1.04.2013

Serious negotiators don't taunt.



Noonan: There's No 'I' in 'Kumbaya' - Obama doesn't seem to have it in him to make a deal.
Excerpt:


He won but he did not triumph. His victory didn't resolve or ease anything and heralds nothing but more congressional war to come.

He did not unveil, argue for or put on the table the outlines of a grand bargain. That is, he put no force behind solutions to the actual crisis facing our country, which is the hemorrhagic spending that threatens our future. Progress there—even just a little—would have heartened almost everyone. The president won on tax hikes, but that was an emotional, symbolic and ideological victory, not a substantive one. The higher rates will do almost nothing to ease the debt or deficits.

He didn't try to exercise dominance over his party. This is a largely forgotten part of past presidential negotiations: You not only have to bring in the idiots on the other side, you have to corral and control your own idiots.

He didn't deepen any relationships or begin any potential alliances with Republicans, who still, actually, hold the House. The old animosity was aggravated. Some Republicans were mildly hopeful a second term might moderate those presidential attitudes that didn't quite work the first time, such as holding himself aloof from the position and predicaments of those who oppose him, while betraying an air of disdain for their arguments. He is not quick to assume good faith. Some thought his election victory might liberate him, make his approach more expansive. That didn't happen.

The president didn't allow his victory to go unsullied. Right up to the end he taunted the Republicans in Congress: They have a problem saying yes to him, normal folks try to sit down and work it out, not everyone gets everything they want. But he got what he wanted, as surely he knew he would, and Republicans got almost nothing they wanted, which was also in the cards. At Mr. Obama's campfire, he gets to sing "Kumbaya" solo while others nod to the beat.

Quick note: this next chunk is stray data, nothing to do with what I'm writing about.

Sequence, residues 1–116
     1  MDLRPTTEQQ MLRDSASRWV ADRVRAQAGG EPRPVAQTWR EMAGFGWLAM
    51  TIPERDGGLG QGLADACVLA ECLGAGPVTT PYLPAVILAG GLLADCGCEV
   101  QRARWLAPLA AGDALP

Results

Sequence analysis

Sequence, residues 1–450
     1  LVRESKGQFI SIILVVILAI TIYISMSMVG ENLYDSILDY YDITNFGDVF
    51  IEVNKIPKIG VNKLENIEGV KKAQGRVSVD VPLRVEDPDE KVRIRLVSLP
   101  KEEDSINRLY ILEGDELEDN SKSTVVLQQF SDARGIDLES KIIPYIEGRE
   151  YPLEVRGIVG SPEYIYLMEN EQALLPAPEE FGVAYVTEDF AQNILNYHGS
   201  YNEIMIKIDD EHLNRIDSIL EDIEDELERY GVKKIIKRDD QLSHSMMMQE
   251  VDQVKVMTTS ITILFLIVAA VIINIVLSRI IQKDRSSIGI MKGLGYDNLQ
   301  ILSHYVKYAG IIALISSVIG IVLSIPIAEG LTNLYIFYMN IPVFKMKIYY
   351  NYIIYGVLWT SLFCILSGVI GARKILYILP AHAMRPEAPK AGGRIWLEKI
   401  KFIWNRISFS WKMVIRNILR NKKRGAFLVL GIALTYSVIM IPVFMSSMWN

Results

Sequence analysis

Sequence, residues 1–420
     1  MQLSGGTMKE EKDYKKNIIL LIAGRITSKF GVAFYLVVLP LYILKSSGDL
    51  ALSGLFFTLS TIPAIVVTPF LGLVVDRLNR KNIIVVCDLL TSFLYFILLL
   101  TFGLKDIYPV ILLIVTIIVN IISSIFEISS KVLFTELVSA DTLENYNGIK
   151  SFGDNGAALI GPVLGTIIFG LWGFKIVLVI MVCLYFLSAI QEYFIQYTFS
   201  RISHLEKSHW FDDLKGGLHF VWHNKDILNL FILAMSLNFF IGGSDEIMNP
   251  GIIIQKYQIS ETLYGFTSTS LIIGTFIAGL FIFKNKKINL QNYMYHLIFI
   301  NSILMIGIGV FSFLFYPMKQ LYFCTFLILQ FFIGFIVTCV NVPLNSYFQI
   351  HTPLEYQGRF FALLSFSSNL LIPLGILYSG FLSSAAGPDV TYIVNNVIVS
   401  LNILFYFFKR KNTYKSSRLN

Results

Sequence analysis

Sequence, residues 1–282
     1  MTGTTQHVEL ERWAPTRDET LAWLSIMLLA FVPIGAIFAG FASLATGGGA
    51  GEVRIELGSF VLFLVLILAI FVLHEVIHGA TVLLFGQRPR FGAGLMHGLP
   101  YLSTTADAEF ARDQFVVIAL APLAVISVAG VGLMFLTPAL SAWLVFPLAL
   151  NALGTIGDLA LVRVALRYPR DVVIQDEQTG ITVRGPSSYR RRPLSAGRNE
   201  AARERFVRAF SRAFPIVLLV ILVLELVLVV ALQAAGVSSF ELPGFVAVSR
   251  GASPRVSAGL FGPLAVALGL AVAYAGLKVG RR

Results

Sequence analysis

Serious men don't taunt. And they don't farm the job of negotiating out to the vice president because no one can get anything done with the president. Some Republican said, "He couldn't negotiate his way out of a paper bag." But—isn't this clear by now?—not negotiating is his way of negotiating. And it kind of worked. So expect more.
Comment: Obama may think he beat Boehner and the Congressional Republicans but he proved himself petty and and disingenuous. Fool me once, shame on you; fool me twice, shame on me

2 comments:

  1. 1/6/12: The Education of John Boehner

    Much interesting in this WSJ article. Sampling:

    What stunned House Speaker John Boehner more than anything else during his prolonged closed-door budget negotiations with Barack Obama was this revelation: "At one point several weeks ago," Mr. Boehner says, "the president said to me, 'We don't have a spending problem.' "

    ...

    Why has the president been such an immovable force when it comes to cutting spending? "Two reasons," Mr. Boehner says. "He's so ideological himself, and he's unwilling to take on the left wing of his own party." That reluctance explains why Mr. Obama originally agreed with the Boehner proposal to raise the retirement age for Medicare, the speaker says, but then "pulled back. He admitted in meetings that he couldn't sell things to his own members. But he didn't even want to try."

    ...
    In hindsight, what does he think was his biggest strategic mistake? "What I should have done the day after the election was to come out and say: The House has done its work. The House passed a bill that replaced the sequester with real spending cuts. The House passed a plan extending all of the current tax rates. We passed a budget. We call upon the Senate to do their work."

    The left has been crowing that it walked away with the crown jewels and forced Republicans to cave on their "no new taxes" principle. Mr. Boehner sees things differently: "The law of the land was that all of the rates were going up January 1, period. So the question was, were we going to cut taxes by $3.7 trillion."
    ...

    Mr. Boehner says he won't engage in any more closed-door budget negotiations with the White House, which are "futile." He adds: "Sure, I will meet with the president if he wants to," but House Republicans will from now on proceed with establishing a budget for the year following what is known as "regular order," and they will insist that Harry Reid and Senate Democrats pass a budget—something they haven't done in nearly four years—before proceeding.

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